Have you been struggling from social media anxiety?

Maybe you may have been a modest social media user prior to the lockdown, but do you find yourself hooked to your phone, browsing Instagram and Facebook constantly for updates and seeking out on Whatsapp for news or a connection because of the COVID-19 issue swept over our lives? You could be struggling from social media stress without realising it.

First and foremost, recognise that this is an unusual reaction to an unprecedented circumstance. The overwhelming bulk of us have rarely been subjected to a pandemic, let alone one which necessitates such restraint. Our brain wants to make any sense of the confusion — it’s a natural human need — and we do it by gathering more and more content; therefore, the constant browsing on social media platforms.

It’s a method of relieving stress. Many make use of social media to relieve the psychological stress that has built up. People are anxious because the future appears to be ambiguous right now. It is not anxiousness with a specific objective in mind. It is a dispersed anxiousness caused by uncertainty. This type of anxiety requires a continual diversion in order to be kept under control.

As a result, we resort to social media because of its addictive qualities of providing something which captures our interest every few moments, every time we browse.

How does it affect us?

What began as a diversion strategy has evolved into a vicious mood loop in which all information, fact and fiction, serves to increase our anxiety, resulting in mood swings and irritation. It has been thoroughly investigated in study, which discovered that excessive media use dramatically increased social media anxiety and tiredness, which subsequently resulted in heightened stress.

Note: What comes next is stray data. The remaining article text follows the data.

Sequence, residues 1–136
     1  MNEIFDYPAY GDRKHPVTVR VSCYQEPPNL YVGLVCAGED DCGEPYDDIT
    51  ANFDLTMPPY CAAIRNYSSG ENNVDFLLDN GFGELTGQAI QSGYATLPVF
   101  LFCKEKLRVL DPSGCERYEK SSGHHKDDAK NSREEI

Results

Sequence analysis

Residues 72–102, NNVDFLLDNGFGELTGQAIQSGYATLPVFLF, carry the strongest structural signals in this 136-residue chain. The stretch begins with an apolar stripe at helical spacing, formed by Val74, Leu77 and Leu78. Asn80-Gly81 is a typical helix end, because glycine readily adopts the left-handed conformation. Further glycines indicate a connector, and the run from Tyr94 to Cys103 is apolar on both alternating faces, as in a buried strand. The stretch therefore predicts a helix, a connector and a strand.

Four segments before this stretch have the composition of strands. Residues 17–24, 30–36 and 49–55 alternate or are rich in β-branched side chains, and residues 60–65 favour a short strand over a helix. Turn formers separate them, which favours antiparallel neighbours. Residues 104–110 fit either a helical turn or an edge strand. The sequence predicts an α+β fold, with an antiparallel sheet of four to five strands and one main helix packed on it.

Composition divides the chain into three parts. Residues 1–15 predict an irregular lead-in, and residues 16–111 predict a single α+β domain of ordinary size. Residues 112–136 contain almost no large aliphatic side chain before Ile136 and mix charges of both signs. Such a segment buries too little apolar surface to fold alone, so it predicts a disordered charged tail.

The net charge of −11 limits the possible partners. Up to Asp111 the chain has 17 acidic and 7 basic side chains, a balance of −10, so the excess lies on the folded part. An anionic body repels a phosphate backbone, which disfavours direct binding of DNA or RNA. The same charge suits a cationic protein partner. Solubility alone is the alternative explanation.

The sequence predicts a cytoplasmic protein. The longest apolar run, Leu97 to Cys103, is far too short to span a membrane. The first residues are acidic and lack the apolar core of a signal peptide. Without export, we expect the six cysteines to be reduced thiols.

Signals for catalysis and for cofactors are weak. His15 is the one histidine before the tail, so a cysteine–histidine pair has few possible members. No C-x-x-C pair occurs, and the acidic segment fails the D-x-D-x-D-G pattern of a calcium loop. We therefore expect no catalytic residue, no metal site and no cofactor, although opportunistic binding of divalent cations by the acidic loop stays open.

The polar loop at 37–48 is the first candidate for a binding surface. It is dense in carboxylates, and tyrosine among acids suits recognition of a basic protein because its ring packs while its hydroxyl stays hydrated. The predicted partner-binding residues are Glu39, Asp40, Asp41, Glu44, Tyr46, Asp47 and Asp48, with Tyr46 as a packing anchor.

What can we do to avoid feeling anxious as a result of social media?

  1. To combat FOMO, do this test: turn off your phone for two hours. Sure, you will have the want to glance at it every few moments, but resist. We don’t actually lose out on much by avoiding social media for a few hours, but it seems like we do since we are constantly overwhelmed with incoming news at all times.Our minds are constructed by nature to filter material so that we may apply selective attention; nevertheless, we are currently eroding that filter, that may have long-term consequences for cognitive performance.
  1. Recognize and accept your addiction. There is no point in denying that you may be hooked to social media since that is how it is built. You’re not the only one. Accepting, on the other hand, is the very first step towards reclaiming control. Remind yourself that this is a ‘fix’ every time you go for the phone. 
  1. Encourage surfing. Our impulses, especially the ones that cause us to pick up our phones, occur in waves, with each wave ranging around 20-30 minutes, regardless of whether we indulge in it or not. When you sense the need to indulge in these kind of activity, you may feel powerless if you don’t, but remember that the impulse will fade away.

When we are deprived of exterior stimuli such as socialising, commuting to work and vacationing, it is normal to resort to social media for enjoyment. But keep an eye on whether you’re just using or allowing it to dominate you.